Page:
One in five criminals released early on electronic tags were returned to prison for breaching curfews in three years, new figures have revealed.
A total of 1222 criminals were let out early from Edinburgh’s Saughton Prison and Addiewell Prison in West Lothian between 2010 and last year and given tags to wear.
But figures showed that 238 – or one in five – were sent back to jail for breaching the conditions of their release.
The criminals walked free from prison under the home detention curfew (HDC) scheme, which is supposed to see offenders confined to their homes for 12 hours a day under electronic tag monitoring.
At Addiewell Prison, 599 were freed early under the scheme with 130 breaching their conditions, or 22 per cent.
Across Scotland’s jails, 5548 criminals were released on tags with 1191 returned to a cell for flouting the terms.
Scottish Conservative chief whip John Lamont said today that the scheme showed why “victims feel repeatedly failed” by the justice system. He said: “It’s bad enough for victims of crime and public safety that thousands upon thousands of dangerous criminals are let go after serving half or three-quarters of their sentence under automatic early release.”
“Now we learn thousands more are serving only 25 per cent of the initial service handed down through this scheme.”
The scheme came into use in 2006, targeted mainly at inmates serving short terms, and means that someone sentenced in court to two years in jail can be released after serving just six months.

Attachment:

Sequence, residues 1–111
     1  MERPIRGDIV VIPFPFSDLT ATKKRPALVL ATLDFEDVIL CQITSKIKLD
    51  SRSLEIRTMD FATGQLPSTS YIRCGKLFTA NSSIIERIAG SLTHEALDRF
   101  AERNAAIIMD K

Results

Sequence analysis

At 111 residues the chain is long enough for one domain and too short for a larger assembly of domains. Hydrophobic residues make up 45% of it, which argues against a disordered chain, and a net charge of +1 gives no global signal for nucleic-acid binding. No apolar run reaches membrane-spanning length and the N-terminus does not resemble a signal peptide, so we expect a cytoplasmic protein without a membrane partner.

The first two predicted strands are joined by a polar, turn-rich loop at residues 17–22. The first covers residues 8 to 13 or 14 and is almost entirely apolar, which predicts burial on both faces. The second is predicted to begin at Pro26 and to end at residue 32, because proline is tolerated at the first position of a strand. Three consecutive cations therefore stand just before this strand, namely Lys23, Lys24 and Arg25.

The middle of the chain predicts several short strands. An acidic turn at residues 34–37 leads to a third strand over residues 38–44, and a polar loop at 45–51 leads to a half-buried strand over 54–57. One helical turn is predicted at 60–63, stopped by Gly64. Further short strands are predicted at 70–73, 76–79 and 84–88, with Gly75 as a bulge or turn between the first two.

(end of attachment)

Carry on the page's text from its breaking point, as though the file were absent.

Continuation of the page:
Last year, 127 criminals were recalled to custody in Scottish jails for leaving their homes for upwards of six hours when they were supposed to be under house arrest. And since January 2010 another 127 have been hauled back to jail after committing new offences while on the tags.
A Scottish Prison Service spokesman said: “HDC is not an entitlement and prisoners are only eligible if they are considered at low-risk of re-offending, have a suitable address and have not previously breached HDC.
“They must be towards the end of their sentence and a number of categories of prisoner are excluded.”
A Scottish Government spokeswoman: “Anyone granted a Home Detention Curfew Order is subject to strict monitoring conditions. We are committed to ending automatic early release when it is feasible to do so.”
Disgraced former MSP Tommy Sheridan, who was released early from Barlinnie, had his tag removed last July after serving six months of a perjury sentence at home.